Samsung held its second Galaxy Unpacked event earlier today, and despite several leaks spoiling some of the surprises that the South Korean firm had initially planned, it was still able to impressed with its highly specced Galaxy Note 20 series.
The flagship device in the lineup is the Note 20 Ultra, as was the case when Samsung debuted the Galaxy S20 Ultra earlier in the year.
It too is a highly specced piece of mobile hardware, and while it is up for debate as to whether consumers will actually be able to utilise all the power it packs, we can certainly compare 2020’s two Galaxy Ultra smartphones.
For our comparison, featured in the table below, we’ll be focusing on the 5G flavour of Note 20 Ultra and the 4G/LTE version of the S20 Ultra. This as only the LTE variant on the former has been made available to purchase in SA.
|Galaxy S20 Ultra (4G/LTE)||Galaxy Note 20 Ultra (5G)|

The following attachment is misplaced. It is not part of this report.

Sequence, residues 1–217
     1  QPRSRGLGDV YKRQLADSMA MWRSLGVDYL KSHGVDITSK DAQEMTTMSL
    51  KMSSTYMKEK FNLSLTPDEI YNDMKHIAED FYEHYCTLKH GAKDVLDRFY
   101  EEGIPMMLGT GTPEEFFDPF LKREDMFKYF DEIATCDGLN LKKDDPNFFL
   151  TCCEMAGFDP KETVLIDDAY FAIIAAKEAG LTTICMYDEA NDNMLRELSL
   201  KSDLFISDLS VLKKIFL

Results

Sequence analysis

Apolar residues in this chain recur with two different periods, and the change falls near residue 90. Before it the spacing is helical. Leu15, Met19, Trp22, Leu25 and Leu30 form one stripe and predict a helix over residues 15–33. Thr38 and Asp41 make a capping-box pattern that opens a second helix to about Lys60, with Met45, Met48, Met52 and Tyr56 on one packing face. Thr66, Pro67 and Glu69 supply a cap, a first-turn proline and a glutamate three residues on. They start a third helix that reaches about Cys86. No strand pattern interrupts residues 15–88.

|Display||6.9″ Dynamic AMOLED, 3200×1440||6.9″ Dynamic AMOLED, 3088×1440|
|Processor||Octa-core Exynos 990||Octa-core Exynos 990|
|Battery||5 000mAh with 45W fast charging||4 500mAh with fast charging|
|Front Camera||40MP wide-angle||10MP wide-angle|
|Rear Camera||108MP wide-angle, 48MP telephoto, 12MP ultrawide, ToF depth sensing||108MP wide-angle, 12MP telephoto, 12MP ultrawide, Laser AF sensor|
|RAM and Storage||12GB RAM, 128GB onboard storage||12GB, 128GB onboard storage|
|Price||R26 999 at launch||R36 999 at launch|
Looking at the specifications above, there is very little to split the two. If we’re going off of numbers alone, it looks like the S20 Ultra is the better specced option when it comes to camera capabilities, display resolution and battery size, as well as being less expensive at launch.
As such, Samsung will likely be touting the S Pen as the key differentiator between the two. We have to agree that having a stylus on such a large amount of screen real estate makes sense, but given both Galaxy Ultra phones are 6.9″ in size, why not have a stylus for the S20 model?
The other other big consideration is 5G, which we’ve already seen as a technology that adds a premium on any smartphone it features on.
Whether South African consumers will be willing to pay more than R35k for a flagship phone that does not fold, remains to be seen.